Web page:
Still, Sun Shili, the chairman of the conference, claimed that the Chinese interest in UFOs has created the largest community of enthusiasts in the world. The number now exceeds half of the world's total number of intellectuals, he stated. And these aren't all superstitious peasants in the impoversihed countryside, either. In Dalian's UFO Society, 90 per cent of the 400 members have college degrees. "It's exciting for us to use science to decipher UFO sightings," said Zhou Xiaoqiang, secretary-general of the Beijing UFO Society.

That's reason for guarded optimism.

If even a small percentage of the people of China and India are interested in UFOs, that's a number that can't be ignored, by either ufology or the governments of those countries - which may not be a good thing, in the long term, of you happen to be a Chinese ufologist. For example, Stan Friedman, who spoke at the Conference, had this to say: "Ufology is blossoming in China, and the participants are mostly professionals." Interestingly, the official Chinese news reports that I read referred to Stan as an American nuclear physicist - not a UFO lecturer, or proponent, as he is so often referred to here in North America, particularly by debunkers.

At the end of the day, who knows where this will all lead. China is a brutal dictatorship, after all. If you think information is tightly controlled in the United States, then you don't know much about China. Hopes of Chinese "disclosure" (assuming for the moment that there is something to disclose) are patently ridiculous, given the nature of the regime - and the fact that the media (which speaks for the regime) indicates, as one report said, that "one suspects that the truth may well be less strange than the fiction." This could all be disinformation of some sort, or part of some plan by the Chinese government (I can think of any number of reasons how and why the Chinese would be using UFOs, and trying to link with western scientists, none of them good).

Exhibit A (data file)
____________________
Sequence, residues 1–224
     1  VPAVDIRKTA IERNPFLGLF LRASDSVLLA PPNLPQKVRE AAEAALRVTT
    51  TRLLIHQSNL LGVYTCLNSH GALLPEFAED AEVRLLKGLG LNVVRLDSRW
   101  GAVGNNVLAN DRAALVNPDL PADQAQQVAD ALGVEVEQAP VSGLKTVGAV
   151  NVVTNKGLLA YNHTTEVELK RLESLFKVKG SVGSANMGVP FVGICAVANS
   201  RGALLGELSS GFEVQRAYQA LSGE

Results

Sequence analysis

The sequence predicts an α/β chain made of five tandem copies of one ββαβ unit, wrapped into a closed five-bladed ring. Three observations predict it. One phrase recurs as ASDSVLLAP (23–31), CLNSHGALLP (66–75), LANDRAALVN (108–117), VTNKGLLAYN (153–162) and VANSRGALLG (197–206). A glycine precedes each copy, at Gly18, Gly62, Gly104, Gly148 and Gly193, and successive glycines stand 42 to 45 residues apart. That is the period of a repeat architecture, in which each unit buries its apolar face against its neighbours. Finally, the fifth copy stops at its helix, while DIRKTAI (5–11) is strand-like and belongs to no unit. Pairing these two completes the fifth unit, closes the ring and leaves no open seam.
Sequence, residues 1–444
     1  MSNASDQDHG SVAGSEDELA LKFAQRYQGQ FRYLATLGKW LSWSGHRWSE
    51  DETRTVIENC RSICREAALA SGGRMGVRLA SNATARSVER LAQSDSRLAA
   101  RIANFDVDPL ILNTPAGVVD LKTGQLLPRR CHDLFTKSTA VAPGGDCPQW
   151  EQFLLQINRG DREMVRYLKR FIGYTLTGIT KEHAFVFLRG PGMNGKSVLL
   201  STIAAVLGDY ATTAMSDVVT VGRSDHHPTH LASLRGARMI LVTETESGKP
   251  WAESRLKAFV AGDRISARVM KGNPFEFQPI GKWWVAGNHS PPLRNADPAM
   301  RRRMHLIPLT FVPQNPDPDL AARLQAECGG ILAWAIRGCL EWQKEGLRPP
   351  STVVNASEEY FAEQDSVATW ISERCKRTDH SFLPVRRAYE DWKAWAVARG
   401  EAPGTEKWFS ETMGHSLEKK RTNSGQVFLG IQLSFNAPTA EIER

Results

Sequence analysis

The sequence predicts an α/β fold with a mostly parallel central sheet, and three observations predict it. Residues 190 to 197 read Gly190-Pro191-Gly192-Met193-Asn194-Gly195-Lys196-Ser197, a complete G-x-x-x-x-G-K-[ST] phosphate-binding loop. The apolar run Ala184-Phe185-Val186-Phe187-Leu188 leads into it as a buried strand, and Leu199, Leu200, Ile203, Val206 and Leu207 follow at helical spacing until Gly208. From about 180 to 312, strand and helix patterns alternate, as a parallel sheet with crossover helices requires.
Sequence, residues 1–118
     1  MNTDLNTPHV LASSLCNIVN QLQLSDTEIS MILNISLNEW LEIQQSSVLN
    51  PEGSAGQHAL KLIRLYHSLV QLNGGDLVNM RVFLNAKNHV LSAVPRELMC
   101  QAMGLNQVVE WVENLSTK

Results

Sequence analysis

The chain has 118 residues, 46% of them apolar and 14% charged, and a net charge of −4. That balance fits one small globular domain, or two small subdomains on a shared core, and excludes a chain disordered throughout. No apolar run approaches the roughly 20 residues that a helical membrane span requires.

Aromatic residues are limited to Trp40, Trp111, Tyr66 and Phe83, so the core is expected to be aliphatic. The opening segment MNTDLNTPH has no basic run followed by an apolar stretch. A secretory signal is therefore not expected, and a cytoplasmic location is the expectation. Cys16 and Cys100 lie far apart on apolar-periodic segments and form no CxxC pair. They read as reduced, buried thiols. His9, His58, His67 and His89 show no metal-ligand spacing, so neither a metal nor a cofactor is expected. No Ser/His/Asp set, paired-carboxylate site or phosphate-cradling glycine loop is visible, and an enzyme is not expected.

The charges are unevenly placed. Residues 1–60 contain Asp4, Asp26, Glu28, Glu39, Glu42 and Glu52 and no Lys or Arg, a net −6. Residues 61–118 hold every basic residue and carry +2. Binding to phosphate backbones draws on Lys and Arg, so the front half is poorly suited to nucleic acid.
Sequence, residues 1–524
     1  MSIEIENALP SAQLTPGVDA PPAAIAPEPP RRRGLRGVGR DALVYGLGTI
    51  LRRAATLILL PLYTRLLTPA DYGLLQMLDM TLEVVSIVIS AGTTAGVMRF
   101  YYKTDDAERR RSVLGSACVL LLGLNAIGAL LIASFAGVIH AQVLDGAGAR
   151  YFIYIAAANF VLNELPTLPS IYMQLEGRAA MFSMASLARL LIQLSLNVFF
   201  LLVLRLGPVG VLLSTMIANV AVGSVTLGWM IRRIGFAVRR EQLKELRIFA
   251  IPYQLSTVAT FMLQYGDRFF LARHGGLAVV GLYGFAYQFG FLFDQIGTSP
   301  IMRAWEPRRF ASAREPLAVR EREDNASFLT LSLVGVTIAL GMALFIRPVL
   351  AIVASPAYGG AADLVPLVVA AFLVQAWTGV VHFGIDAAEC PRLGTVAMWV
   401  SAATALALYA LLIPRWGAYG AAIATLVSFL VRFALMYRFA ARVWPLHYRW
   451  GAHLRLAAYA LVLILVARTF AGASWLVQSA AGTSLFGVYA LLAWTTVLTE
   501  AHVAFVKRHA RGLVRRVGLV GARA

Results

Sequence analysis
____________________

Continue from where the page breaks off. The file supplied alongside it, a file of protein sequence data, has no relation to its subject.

Still, the point is that China (and the ROW) can't be ignored anymore (in ufology, as in so much else). People interested in the UFO phenomenon are going to have to deal with what comes out of these countries in the years to come - for good or ill. China in particular should be viewed with caution, the same way we deal with them in foreign policy and trade. Still, as with trade, and culture, the opportunity exists to use UFOs to establish common links with the Chinese people (in a much smaller way, but every little bit helps), and to bring them into the broader world community. Credible reports coming out of China (and the ROW) are also important - too many ufologists simply focus on Western, particularly American, reports. In the past, this made some sense, as it stands to reason that the better reports would come from a more technologically advanced country. But as the ROW catches up to the West in terms of technological sophistication, that gap in quality reporting will close.

This is not a new development. But with the increased exposure of China, and elsewhere (India, Brazil, or the Philippines, for example), in 2005, it has taken on a new importance.

Paul Kimball